Ratification of C188 step towards reform in Thai fishing industry

November 30, 2018

The International Transport Workers’ Federation welcomed the long-awaited announcement that the Thailand National Assembly today voted to approve the ratification of the International Labor Organization convention which protects fishers’ rights.

“We applaud the Thai government for taking this significant step towards reforming the Thai fishing industry and look forward to the ratification of C188 and the effective enforcement of the convention’s provisions to protect fishers’ rights,” said Johnny Hansen, Chair of the ITF Fisheries Section.

“We look forward to the opportunity to review and provide input on the legislation to ensure that the rights of all fishers, irrespective of their nationality, are protected, and that all social partners are involved in appropriate tripartite consultations regarding the convention.

“The ITF’s efforts to build a democratic trade union for fishers in Thailand has yielded results and raised significant issues regarding fishers’ rights.”

“In recognition of that work, the Fishers’ Rights Network has just been chosen as Vice Chair of the Steering Committee for the ILO Southeast Asian Forum to End Trafficking in Persons and Forced Labour of Fishers (“the SEA Forum for Fishers”),” said Hansen.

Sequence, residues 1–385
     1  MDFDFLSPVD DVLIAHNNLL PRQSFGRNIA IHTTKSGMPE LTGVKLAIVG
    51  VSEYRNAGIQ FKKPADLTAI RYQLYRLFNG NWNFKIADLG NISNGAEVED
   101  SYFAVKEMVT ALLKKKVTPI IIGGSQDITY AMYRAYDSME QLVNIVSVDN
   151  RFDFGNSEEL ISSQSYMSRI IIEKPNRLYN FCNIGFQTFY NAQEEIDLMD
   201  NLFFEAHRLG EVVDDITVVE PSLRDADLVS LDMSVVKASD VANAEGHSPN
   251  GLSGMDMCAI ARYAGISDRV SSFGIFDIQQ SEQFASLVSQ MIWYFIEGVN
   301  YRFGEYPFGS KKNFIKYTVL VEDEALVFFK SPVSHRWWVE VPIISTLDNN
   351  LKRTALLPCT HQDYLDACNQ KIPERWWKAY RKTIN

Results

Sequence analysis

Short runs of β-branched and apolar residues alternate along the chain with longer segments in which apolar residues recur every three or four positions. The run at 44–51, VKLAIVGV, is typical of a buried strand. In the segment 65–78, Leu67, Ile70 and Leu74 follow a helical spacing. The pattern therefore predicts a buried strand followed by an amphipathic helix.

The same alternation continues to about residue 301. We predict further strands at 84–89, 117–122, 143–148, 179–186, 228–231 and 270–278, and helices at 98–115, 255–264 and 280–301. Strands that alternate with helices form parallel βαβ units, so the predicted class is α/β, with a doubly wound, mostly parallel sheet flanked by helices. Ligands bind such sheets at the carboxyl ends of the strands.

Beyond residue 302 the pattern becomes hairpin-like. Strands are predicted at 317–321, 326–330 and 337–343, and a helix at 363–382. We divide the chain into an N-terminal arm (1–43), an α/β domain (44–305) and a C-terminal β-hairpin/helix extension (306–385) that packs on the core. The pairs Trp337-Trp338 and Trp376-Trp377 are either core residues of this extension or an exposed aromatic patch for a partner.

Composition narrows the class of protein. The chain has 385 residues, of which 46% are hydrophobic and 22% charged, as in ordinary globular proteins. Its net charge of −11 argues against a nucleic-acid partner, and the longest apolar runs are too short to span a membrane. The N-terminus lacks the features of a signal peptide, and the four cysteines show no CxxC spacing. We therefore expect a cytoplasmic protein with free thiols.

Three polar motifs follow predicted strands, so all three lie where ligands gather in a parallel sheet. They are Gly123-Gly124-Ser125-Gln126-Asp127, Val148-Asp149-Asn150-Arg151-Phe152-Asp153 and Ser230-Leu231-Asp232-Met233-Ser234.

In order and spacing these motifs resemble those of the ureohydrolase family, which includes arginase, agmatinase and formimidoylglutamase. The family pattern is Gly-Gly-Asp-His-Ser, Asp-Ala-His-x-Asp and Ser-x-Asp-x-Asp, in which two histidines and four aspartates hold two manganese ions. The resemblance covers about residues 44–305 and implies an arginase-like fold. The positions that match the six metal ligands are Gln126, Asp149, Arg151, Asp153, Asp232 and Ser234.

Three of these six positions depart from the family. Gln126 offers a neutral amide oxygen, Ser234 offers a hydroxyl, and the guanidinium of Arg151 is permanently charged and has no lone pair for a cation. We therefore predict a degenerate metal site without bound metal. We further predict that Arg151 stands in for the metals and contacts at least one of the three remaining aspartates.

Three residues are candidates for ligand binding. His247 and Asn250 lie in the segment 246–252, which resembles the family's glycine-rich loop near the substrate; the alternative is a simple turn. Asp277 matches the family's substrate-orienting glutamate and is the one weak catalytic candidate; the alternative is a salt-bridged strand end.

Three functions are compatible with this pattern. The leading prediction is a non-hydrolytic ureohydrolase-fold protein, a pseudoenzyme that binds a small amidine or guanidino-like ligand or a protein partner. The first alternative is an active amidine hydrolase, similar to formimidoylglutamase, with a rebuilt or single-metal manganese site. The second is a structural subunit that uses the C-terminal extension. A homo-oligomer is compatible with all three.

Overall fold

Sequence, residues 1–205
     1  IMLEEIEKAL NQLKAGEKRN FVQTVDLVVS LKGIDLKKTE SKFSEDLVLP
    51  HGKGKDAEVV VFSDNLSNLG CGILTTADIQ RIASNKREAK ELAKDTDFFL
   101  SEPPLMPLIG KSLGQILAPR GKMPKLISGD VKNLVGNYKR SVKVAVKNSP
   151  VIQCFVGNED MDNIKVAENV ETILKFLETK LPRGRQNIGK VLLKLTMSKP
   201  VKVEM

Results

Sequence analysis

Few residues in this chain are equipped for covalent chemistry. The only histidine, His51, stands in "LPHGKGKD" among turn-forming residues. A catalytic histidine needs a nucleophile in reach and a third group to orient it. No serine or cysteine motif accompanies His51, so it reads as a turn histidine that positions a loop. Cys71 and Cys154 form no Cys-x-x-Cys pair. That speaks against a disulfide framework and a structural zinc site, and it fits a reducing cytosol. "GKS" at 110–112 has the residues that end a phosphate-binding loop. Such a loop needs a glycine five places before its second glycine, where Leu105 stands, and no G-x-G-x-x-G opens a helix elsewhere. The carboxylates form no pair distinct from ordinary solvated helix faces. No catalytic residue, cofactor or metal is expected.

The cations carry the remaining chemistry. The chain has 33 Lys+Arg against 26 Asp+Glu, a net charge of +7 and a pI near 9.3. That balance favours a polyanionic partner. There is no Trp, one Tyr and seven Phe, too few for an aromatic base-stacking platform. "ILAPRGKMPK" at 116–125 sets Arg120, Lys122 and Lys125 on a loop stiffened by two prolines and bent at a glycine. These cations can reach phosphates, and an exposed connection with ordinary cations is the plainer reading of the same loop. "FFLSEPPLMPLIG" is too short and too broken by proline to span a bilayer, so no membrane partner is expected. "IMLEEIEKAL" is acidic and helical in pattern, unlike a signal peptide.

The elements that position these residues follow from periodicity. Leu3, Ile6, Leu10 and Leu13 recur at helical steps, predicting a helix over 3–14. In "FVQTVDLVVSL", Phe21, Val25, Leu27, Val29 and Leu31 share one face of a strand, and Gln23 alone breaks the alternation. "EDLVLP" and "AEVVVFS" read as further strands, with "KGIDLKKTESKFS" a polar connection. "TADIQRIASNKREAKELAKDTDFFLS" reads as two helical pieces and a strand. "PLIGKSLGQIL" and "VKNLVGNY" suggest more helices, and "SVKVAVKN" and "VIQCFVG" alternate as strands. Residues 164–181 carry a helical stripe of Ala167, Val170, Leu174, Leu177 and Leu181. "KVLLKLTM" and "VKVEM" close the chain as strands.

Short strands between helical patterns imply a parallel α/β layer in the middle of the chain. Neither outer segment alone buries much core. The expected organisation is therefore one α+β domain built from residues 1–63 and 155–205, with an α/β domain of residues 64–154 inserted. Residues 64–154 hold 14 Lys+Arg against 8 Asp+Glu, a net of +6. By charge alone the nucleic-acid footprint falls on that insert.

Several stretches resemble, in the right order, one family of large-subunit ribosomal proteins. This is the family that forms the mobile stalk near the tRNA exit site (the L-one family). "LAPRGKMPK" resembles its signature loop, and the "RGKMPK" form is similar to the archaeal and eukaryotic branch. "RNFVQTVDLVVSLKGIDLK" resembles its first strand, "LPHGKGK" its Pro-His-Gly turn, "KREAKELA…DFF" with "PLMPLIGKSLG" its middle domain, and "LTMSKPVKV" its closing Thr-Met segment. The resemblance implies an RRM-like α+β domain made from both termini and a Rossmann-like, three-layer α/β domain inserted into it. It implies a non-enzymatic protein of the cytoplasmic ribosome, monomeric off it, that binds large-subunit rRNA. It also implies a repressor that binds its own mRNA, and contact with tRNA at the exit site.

The fishing industry in Thailand has received international condemnation in recent years for the pervasive use of trafficked, slave, forced and bonded labour, as well as dangerous working conditions, long hours, and a lack of legal protection for fishers.

There has been substantial pressure from other countries involved in the fishing industry supply chain, as well as labour groups including the ITF, European Transport Workers’ Federation, and the Thailand-based Fishers Rights Network (FRN), for the Thai government to ratify C188.

“However, fishers still face many issues, including low wages, document retention, lack of effective health and safety provisions onboard, high identity document costs, debt bondage, and poor working conditions,” Hansen added.

“In addition, Thai labour law still prohibits migrant workers from legally organising, effectively denying migrant fishers the opportunity to exercise their right to freedom of association and collective bargaining.

“ITF’s Fishers Rights Network organising efforts will continue in the region until all fishers are covered by collective bargaining and supply chain agreements that protect and enhance their rights,” said Hansen.